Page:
Paul clamps the section of tubing on the table of a Fadal vertical machining center, drills four 1 "-deep axial holes in one end and taps the holes to receive four ¼ "-20 bolts.
To mill the cam profile, Paul attaches the piece of tubing to a plate via bolts in the tapped holes. The plate is then clamped into a 3-jaw chuck on a rotary table mounted perpendicular to the VMC table. An endmill cuts the cam. Movement of the machine’s Z and X axes and the rotation of the rotary table combine to produce the wave-like profile. “The cutter has to have the same diameter as the roller that will ride on the cam,” Paul said, which is about 1 " in diameter for a typical cam. Depending on the workpiece material, the cutters have three to eight flutes.
Paul said there is no chatter during machining “because we mount it so solidly, and most of the time we are cutting real slow.” The rotary table typically turns at 1 rpm while the cutter runs at 600 to 700 rpm. Depending on the cam size and what it’s made of, it takes 15 minutes to an hour to machine one cam profile. Cam tolerances are as tight as 0.0005 ", Paul said, noting that other tolerances are not as tight. The cams typically are machined in runs of about 20 pieces.
The cam’s shape is critical and application-dependent. When developing the first pump prototypes, “I played with cams for almost 2 years,” Paul said. “Now, we have different strokes for different cams. We did one for an oil company where the stroke was three times the length of the bore.”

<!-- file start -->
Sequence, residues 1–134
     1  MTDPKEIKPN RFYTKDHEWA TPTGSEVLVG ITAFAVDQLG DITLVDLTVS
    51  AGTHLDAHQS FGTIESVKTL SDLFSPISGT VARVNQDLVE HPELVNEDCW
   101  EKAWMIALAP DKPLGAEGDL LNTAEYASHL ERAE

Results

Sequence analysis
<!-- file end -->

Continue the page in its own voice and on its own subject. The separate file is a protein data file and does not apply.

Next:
Paul programs the cam-milling toolpaths manually at the Fadal control. “I do it in one paragraph of G code,” he said, adding that it generally takes about 5 minutes to program a cam.
Although the basic design of all pump sizes is the same, details vary. The pistons for smaller pumps are made from solid plastic. “However, if we are going to a bigger pump, we may hollow out the pistons because as the length and width double, the weight of the pump is cubed. When you get into something like 4 "-dia. pistons, it is a 500- or 600-lb. pump. In that case, we may make the pistons out of a tube and then cap each end of them.”
In addition to a battery-powered fire-suppression unit for residential use, E.P. Industries is also developing an internal combustion-engine version of the CEM pump. Paul said the all-steel, 4-stroke, air-cooled engine will have 12 cylinders and produce at least 2 hp per pound of weight.
Stressing the simplicity of the CEM pump design, Paul said, “When you invent, you design something and then you start taking parts off it until you can’t take anything else off. Once it’s as simple as possible, then you’ve got an invention.”
For more information about E.P. Industries Inc., visit www.epindustries.com or call (310) 643-8515. CTE
CUTTING TOOL ENGINEERING Magazine is protected under U.S. and international copyright laws.Before reproducing anything from this Web site, call the Copyright Clearance Center Inc. at (978) 750-8400.|